|Publication number||US6211904 B1|
|Application number||US 09/544,528|
|Publication date||Apr 3, 2001|
|Filing date||Apr 6, 2000|
|Priority date||Sep 11, 1997|
|Also published as||CA2368245A1, EP1164916A1, WO2001056458A1|
|Publication number||09544528, 544528, US 6211904 B1, US 6211904B1, US-B1-6211904, US6211904 B1, US6211904B1|
|Inventors||Edwin L. Adair, Jeffrey L. Adair, Randall S. Adair|
|Original Assignee||Edwin L. Adair, Jeffrey L. Adair, Randall S. Adair|
|Export Citation||BiBTeX, EndNote, RefMan|
|Patent Citations (7), Referenced by (163), Classifications (31), Legal Events (5)|
|External Links: USPTO, USPTO Assignment, Espacenet|
This application is a continuation-in-part of U.S. Ser. No. 09/496,312, filed on Feb. 1, 2000, entitled “Reduced Area Imaging Devices,” which is a continuation of U.S. Ser. No. 09/175,685, filed Oct. 20, 1998, now U.S. Pat. No. 6,043,839 entitled “Reduced Area Imaging Devices,” which is a continuation-in-part of U.S. Ser. No. 08/944,322, filed Oct. 6, 1997, now U.S. Pat. No. 5,929,901 entitled “Reduced Area Imaging Devices Incorporated Within Surgical Instruments,” and this application is also a continuation-in-part of U.S. Ser. No. 08/927,785, filed on Sep. 11, 1997, now U.S. Pat. No. 6,086,528 entitled “Surgical Devices With Removable Imaging Capability and Methods of Employing Same.”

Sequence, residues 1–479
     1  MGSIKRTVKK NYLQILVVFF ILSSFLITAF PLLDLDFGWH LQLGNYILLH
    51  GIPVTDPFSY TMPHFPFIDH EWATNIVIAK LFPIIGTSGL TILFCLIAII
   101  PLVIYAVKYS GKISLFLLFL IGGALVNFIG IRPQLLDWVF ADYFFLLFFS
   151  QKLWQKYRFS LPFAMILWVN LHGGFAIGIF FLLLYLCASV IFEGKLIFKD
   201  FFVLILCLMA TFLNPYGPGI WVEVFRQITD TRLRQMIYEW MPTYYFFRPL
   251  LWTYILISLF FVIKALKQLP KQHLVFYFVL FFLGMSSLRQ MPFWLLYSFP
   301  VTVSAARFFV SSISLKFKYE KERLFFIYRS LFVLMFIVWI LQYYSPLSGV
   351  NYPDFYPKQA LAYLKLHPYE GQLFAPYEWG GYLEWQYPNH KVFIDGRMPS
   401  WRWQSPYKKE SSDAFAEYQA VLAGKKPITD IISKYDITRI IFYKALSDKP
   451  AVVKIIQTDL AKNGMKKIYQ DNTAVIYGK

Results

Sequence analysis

This invention relates to solid state image sensors and associated electronics incorporated within surgical devices, and more particularly, to solid state image sensors which are configured to be of a minimum size and which are used in combination with surgical devices allowing certain medical procedures to be conducted in more efficient, less invasive, and safer ways.
In recent years, endoscopic surgery has become the accepted standard for conducting many types of surgical procedures, both in the medical and dental arenas. The availability of imaging devices enabling a surgeon or dentist to view a particular surgical area through a small diameter endoscope which is introduced into small cavities or openings in the body results in much less patient trauma as well as many other advantages.
In many hospitals, the rod lens endoscope is still used in endoscopic surgery. The rod lens endoscope includes a very precise group of lenses in an elongate and rigid tube which are able to accurately transmit an image to a remote camera in line with the lens group. The rod lens endoscope, because of its cost of manufacture, failure rate, and requirement to be housed within a rigid and straight housing, is being increasingly replaced by solid state imaging technology which enables the image sensor to be placed at the distal tip of the investigating device. The three most common solid state image sensors include charged coupled devices (CCD), charge injection devices (CID) and photo diode arrays (PDA). In the mid-1980s complementary metal oxide semiconductors (CMOS) were developed for industrial use. CMOS imaging devices offer improved functionality and simplified system interfacing. Furthermore, many CMOS imagers can be manufactured at a fraction of the cost of other solid state imaging technologies.